NEW: "The government, I feel, is backed by a lot of people," Jebali says
His party has not yet decided whether to accept Jebali's edict
Protesters clash with security forces along the route of the funeral procession
Belaid's widow and others say the government allowed a climate of political violence
As outrage mounted over the assassination this week of an opposition leader, Prime Minister Hamadi Jebali vowed Friday to press on with his plan to form a caretaker government composed of technocrats.
Speaking from his residence in the Tunis suburb of Carthage, Jebali denied his moderate religious Ennahda Party had anything to do with the shooting death Wednesday morning of Chokri Belaid.
Jebali said he hoped to get approval for his plan from the Ennahda Party and other parties “because this is a guarantee or, let’s say, more guarantees for the government. The government, I feel, is backed by a lot of people, mainly among ordinary people. I hope that political parties will translate the view of our people.”
Late Wednesday, Jebali sacked his Cabinet and called for new elections, leaving himself at the head of a caretaker government.
However, a top Ennahda party official said Thursday that the call to dissolve the Cabinet and offer a new technocratic government was “not binding.”
The party’s leaders were trying to decide whether to accept their prime minister’s decision.
As Jebali spoke Friday, thousands of Tunisians were demonstrating in the streets of the capital in outrage over the assassination, calling on Jebali to resign.
Jebali denied that his party had anything to do with the killing – the first assassination since Tunisia’s “Jasmine Revolution” – and urged his fellow countrymen to act with restraint.
“I already told them – don’t play role of the law, do not respond with violence,” he said. “Otherwise, we are trapped, because the goal of those who shot Belaid is to make us react violently.”
Jebali said the weapons that killed Belaid were also taking aim at the Jasmine Revolution, which led to the ouster of President Zine el Abidine Ben Ali two years ago and spawned the Arab Spring.
“So, be careful of quick accusations, it will worsen the situation,” he warned.
Jebali defended the current leadership’s role in supporting the changes effected by the revolution in this North African country of nearly 11 million people.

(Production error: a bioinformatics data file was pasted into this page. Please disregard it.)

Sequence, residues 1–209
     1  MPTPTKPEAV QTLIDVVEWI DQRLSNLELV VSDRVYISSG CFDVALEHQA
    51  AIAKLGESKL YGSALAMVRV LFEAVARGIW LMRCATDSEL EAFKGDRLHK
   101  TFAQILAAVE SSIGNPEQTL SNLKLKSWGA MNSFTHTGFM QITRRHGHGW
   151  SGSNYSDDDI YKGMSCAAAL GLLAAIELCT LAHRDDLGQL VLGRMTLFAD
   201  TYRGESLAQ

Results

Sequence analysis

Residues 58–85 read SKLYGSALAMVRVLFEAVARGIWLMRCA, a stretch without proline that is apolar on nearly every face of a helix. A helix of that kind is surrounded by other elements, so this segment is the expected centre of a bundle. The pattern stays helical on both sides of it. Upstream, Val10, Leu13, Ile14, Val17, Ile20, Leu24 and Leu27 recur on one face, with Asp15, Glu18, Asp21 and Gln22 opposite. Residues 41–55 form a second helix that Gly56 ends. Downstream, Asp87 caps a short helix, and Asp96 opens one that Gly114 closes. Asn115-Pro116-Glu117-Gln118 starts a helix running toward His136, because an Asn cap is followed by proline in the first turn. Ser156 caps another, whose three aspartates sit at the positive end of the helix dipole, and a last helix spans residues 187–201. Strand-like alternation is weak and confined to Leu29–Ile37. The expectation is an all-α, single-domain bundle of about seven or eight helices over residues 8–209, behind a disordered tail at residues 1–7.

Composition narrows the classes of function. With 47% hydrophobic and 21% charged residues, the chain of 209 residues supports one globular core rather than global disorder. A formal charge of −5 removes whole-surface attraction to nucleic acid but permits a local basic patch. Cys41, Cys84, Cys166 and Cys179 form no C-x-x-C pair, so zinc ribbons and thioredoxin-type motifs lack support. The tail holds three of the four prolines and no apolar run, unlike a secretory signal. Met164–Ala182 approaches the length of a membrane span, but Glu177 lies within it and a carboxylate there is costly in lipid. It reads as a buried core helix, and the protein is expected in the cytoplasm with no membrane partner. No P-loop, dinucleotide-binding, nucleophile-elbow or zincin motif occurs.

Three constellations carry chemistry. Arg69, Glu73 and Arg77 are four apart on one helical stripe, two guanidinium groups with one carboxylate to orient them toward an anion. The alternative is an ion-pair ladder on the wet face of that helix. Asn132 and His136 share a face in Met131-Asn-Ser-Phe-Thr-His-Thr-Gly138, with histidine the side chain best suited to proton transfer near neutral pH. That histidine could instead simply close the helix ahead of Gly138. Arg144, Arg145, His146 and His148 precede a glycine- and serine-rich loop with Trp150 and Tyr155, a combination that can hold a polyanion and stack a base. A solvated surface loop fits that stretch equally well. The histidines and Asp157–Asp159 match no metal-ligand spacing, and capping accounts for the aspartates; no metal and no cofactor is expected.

“Tunisian people made the Jasmine Revolution for two goals: revolution against dictatorship and revolution against corruption, and they also wanted social justice,” he said.
Those goals have not been betrayed, he said. “The biggest proof is what is happening in the streets – protests, free press. I don’t think that another press in the world enjoys more than here in Tunisia. Beside, we are not corrupt people, but if people made a revolution against us, that’s their right, and we will bow to the will of our people.”
Earlier Friday, tens of thousands of mourners followed Belaid’s funeral cortege as his flag-draped casket was taken through the streets of the capital to a cemetery.
A phalanx of uniformed soldiers escorted the coffin bearers into the cemetery.
Protesters had clashed intermittently along the route with security forces, who fired tear gas into the crowds. A private TV channel broadcast the procession showed a car burning.
Many of those mourning Belaid expressed anger at the government, which they accuse of allowing a climate of political violence to spread unchecked.
On the capital’s central Habib Bourguiba Avenue, a flashpoint for protests, dozens of demonstrators fled as riot police fired tear gas. Sporadic clashes also flared on side streets.
The military has been deployed alongside police to try to rein in the protests.
Belaid, a prominent secular politician, was shot dead as he left his home Wednesday morning for work. No one has claimed responsibility for the attack.
Weeping Thursday beside his casket, his widow, Besma Belaid, was among those pointing the finger at the climate fostered by the governing Ennahda party, which is led by moderate Islamists.
“It’s an open invitation to violence,” she said. “I can only accuse this party.”
Chokri Belaid had warned early this week that the government had given a green light to political violence.
A general strike called by trades unions for Friday, the first such action in Tunisia in three decades, closed many shops, cafes and other businesses. The national airline, Tunisair, warned of possible flight disruptions.
Protests have also erupted in the central towns of Gafsa and Sidi Bouzid, the birthplace of the revolution.
Support for Belaid went beyond his party, the secular-leftist Democratic Patriots. He was also the voice of a coalition of secular opposition parties known as the Popular Front and decried violence.
But Belaid routinely received death threats for his criticism of Tunisia’s moderate Islamist-led government. He talked about the threats on his frequent television appearances but said he didn’t fear for his life.
Official investigators have yet to reach a conclusion on who may have been responsible.
Amna Guellali, of the rights group Human Rights Watch, said the government itself bears some responsibility because of its “laxity” in failing to respond to a climate of rising political violence.
“We warned the government that these incidents of violence should be investigated thoroughly and that people who have perpetrated these acts should be punished … but we haven’t heard anything back,” she told CNN in Tunis.
She cited calls by preachers in some mosques in July for the killing of certain Tunisian political figures and personalities, including Belaid, she said.
“We didn’t see the government reacting to these calls of clear incitement to murder,” she said. “A government has to protect its citizens … especially if there are clear threats against this person.”
Dan Rivers reported from Tunis, and Laura Smith-Spark wrote and reported from London. CNN’s Brian Walker contributed from Atlanta.